PS: The graphics were a real departure for us. They used digitization of real people acting out the horror. The blood etc was then added by the graphic artist (bit like CGI film today). then had to develop animation software to move sprites & bitmaps to bring it to life without using up loads of memory. This why the stuff looks real. Now of cause it is all done this way for POV games etc. Again this idea was Clem's, he was ahead of the curve. It was fun but I think it might have been too successful when we got 18!
JD: When did you stop working for CRL? What did you do afterwards?
PS: There until the end. So the day it (development) was shutdown was my last day. After I got involved with a project setup by Ian Foster & Richard Taylor called Wildfire a contract project with a company called Destiny. It was a big game like Cyborg on three platforms. Speccy 48, C64 and Amstrad CPC. Sadly it all collapsed. There was a big press article with a picture of me, (yes my shyness had gone) Ian, Richard and someone else who was helping with graphics. Richard was doing Speccy 48 and CPC. I was helping on C64 mainly. I did a tiny bit on Speccy as well but mainly Richard's coding. The idea of cause was to lift the code onto the CPC from the Speccy and convert the graphics from the C64. After that I left the game industry found a job in the business world needing Z80 programmer (small ad in the Evening Standard LOL). Blew them away in interview, hired about a week later. Stayed doing that.
JD: Which of the games you worked on were/are you most proud of? Which would you rather forget (if any)?
PS: Tough one. To be honest I'm not proud of Blade Runner. Rocky Horror was great once it had good C64 graphics ie the USA version. I am proud of Magic Roundabout for it being my first game and I think it was a experiment by Clem to have games for a younger market. Again ahead of the time. Death or Glory from a game POV is not great but from a coding POV very good in fact the system was re-used by another coder for Traxxion (I think that is the name). Clem loved the system and technique. The game was developled from the technical experiment by me. I showed Clem the new "scrolling" updating system, so he suggested a straight forward blow everything up game. Mandroid was a nice idea (sequel to Cyborg) but I pushed the C64 too much I believe. The graphics were great though, good use of module system which I simplied from the complex coding of Cyborg (I had to debug some of it for Ian). I was one of the senior programmers at the time so would help out here and there also did mastering of games for loading effects for games.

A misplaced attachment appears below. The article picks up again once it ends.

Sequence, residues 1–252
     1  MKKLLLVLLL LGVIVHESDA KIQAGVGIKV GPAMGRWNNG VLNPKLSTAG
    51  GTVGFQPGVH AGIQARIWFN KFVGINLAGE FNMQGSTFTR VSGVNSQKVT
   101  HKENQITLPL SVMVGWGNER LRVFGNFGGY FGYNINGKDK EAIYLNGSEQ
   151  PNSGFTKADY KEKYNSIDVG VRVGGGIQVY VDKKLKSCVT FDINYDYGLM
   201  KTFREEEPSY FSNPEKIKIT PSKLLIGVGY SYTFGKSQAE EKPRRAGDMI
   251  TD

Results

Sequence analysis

JD: What are you upto these days?
PS: Sadly not a lot. I worked in the business programming area from 1988-2001. Learned C & Pascal programming. 68000 machine code as well. Ethernet networking etc. But the business went down in 2001 (had been shrinking for awhile). So I stayed at home looking after my kids etc. My wife (who I met at CRL in 1986) started bringing in the bucks. Now I am looking to get back into work. Would love to get back into computers again but unlikely. I do quite a bit of photography. Build my own PC etc.
Interview with Richard Taylor
Richard Taylor began programming in 1981 with a ZX81 game entitled Zaraks. This led to a Spectrum 16k version for Clem Chambers' CRL and the start of a very long and successful career in computer programming. A very small part of Richard's story was detailed in my CRL From the Archives feature which appeared in Retro Gamer Magazine issue 97 - click here to purchase this issue which is still available at time of writing from the Imagine Publishing shop.
Meantime, here is my full interview with Richard, conducted in August of 2011.
Jdanddiet: Hi Richard. When did you join CRL?
Richard Taylor: I joined very early on, I think in 1981 so a massive 30 years ago now. At that time I was 13.
JD: How did you get into computing?
RT: I had just got a ZX81 about 6 months previously, after seeing a ZX80 being used at school in the maths dept. I remember it was £70, don't know what that would be in inflation adjusted figures today but it was a lot of money for me to save up.
JD: How did you afford it then?
RT: I actually earned the money picking and cleaning tulip bulbs at a farm down the road over the Summer. At that time I was living near Spalding Lincolnshire, the Amsterdam of the UK. Come to think of it that was probably the last and only "proper job" I've ever had, been in the computer industry every since.
JD: So what were your thoughts when it arrived?